As to our Presbyterian brethren, they make little or no pretensions to the name. They are wise enough to know that it is unsuitable to their character; but they would have some to think, that their minister and Paul’s bishop are one and the same character.

Our Methodist friends have not quite forgotten the glory and majesty of the Lord Archbishop of York:–for even until this hour archepiscopacy has some charms in their eyes. In other words, a few of this brotherhood still like the remains of diocesan episcopacy. They seem to admire it, even in its ruins. I believe, however, such is the progress of light amongst this zealous people, that few, if any of their leaders, consider there is a divine right for either their bishops or form of church government, other than “vox populi, vox Dei.” Yet still their “church government” has too many heads, even when the horns are broken off.

The good old high church bishops are not within the sphere of comparison. There is no point of contact; no one side of the system that can be measured by any side of primitive episcopacy.

Our Baptist brethren began in the spirit, but ended in the flesh, on their adopting a species of presbyterial independency–licensing of preachers, and then converting these preachers into elders, with the exclusive right of administering “sealing ordinances,” and creating or finishing an order of its own kind.

But the fact is, very generally, that few of the leaders of religious assemblies seem to know, or are able to decide, whether they should be called evangelists, preachers, elders, bishops, or ambassadors; but the term minister or divine seems to embrace them all.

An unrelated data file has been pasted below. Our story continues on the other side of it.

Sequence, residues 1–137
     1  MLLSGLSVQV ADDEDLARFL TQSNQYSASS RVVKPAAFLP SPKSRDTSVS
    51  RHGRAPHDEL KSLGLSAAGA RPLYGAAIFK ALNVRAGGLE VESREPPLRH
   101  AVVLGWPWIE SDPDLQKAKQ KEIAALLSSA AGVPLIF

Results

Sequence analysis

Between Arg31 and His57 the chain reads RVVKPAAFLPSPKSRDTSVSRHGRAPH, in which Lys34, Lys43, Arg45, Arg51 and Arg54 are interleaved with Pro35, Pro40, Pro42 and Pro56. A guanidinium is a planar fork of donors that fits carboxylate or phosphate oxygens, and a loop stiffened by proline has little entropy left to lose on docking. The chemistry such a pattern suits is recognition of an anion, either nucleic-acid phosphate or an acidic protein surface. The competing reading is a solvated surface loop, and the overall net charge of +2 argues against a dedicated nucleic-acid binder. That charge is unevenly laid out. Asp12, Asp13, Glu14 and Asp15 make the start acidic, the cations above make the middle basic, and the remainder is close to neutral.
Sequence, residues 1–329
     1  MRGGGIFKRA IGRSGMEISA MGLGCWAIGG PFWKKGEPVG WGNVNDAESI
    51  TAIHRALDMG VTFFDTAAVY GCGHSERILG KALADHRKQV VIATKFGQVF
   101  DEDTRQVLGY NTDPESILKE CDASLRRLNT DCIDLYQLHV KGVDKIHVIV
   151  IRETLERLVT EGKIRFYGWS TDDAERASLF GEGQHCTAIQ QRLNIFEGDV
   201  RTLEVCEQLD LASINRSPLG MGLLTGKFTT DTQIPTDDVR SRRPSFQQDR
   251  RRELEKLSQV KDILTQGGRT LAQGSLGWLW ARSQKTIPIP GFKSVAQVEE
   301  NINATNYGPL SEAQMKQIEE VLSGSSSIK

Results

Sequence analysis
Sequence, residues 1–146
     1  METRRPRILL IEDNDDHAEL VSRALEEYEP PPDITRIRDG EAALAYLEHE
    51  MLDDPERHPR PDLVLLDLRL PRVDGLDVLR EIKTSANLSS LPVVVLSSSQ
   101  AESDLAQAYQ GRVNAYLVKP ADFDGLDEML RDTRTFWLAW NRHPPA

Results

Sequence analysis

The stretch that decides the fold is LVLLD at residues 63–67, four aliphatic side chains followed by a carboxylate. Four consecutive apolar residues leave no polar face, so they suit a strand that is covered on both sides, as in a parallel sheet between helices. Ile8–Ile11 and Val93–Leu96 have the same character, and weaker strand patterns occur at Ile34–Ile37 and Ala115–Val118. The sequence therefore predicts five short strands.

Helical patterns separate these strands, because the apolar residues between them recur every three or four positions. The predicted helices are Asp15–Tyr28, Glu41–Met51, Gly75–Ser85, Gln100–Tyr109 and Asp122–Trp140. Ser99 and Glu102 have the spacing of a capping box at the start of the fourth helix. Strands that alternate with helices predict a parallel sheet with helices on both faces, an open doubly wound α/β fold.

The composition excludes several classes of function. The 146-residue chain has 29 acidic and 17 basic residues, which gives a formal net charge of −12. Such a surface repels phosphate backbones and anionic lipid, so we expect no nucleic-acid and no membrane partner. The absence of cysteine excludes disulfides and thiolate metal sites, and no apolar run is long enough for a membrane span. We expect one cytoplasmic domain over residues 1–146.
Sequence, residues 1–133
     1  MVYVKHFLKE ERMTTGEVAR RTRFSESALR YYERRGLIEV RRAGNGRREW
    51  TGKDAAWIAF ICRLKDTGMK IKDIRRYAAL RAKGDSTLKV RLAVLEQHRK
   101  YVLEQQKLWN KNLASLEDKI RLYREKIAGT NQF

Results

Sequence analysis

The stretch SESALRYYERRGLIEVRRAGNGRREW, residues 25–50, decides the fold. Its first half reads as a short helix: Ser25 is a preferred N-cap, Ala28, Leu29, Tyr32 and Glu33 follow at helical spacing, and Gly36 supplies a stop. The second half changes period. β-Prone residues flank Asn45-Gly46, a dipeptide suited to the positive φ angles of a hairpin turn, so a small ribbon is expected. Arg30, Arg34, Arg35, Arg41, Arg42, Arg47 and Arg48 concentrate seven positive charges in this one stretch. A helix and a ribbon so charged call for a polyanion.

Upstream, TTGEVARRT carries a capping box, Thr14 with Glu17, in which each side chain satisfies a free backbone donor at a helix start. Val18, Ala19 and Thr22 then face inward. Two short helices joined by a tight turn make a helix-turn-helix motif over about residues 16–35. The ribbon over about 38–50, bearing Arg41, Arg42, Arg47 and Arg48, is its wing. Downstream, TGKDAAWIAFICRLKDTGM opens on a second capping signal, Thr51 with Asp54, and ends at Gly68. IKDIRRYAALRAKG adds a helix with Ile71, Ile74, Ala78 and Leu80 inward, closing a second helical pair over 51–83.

To many it seems but of little consequence to be tenacious of the name. Why not then call the leaders priests? Why not then call them astrologers, soothsayers, or oneirocritics, if the name be indifferent? Because, says one, those names are used to denote quite different characters. For the same reason, therefore, let the names which the apostles adopted be used in their own acceptation, and let those things, persons and offices which the apostles said nothing about, be named or styled as the inventors please, but call not bitter sweet, nor sweet bitter. Let as not call the messenger of a congregation, an elder. Let us not call a preacher, a bishop. Let us not call a bishop, a divine; nor a deacon, a ruling elder. In a word, let us give to divine institutions divine names, and to human institutions human names.

Were Christian societies to constitute Christian bishops, and to designate them by their proper title or name of office, many important results would exhibit themselves, amongst which, none of the least would be the leveling the haughty and supercilious pretensions of those who claim another office under this name, and designate themselves as the only persons to be so viewed and denominated.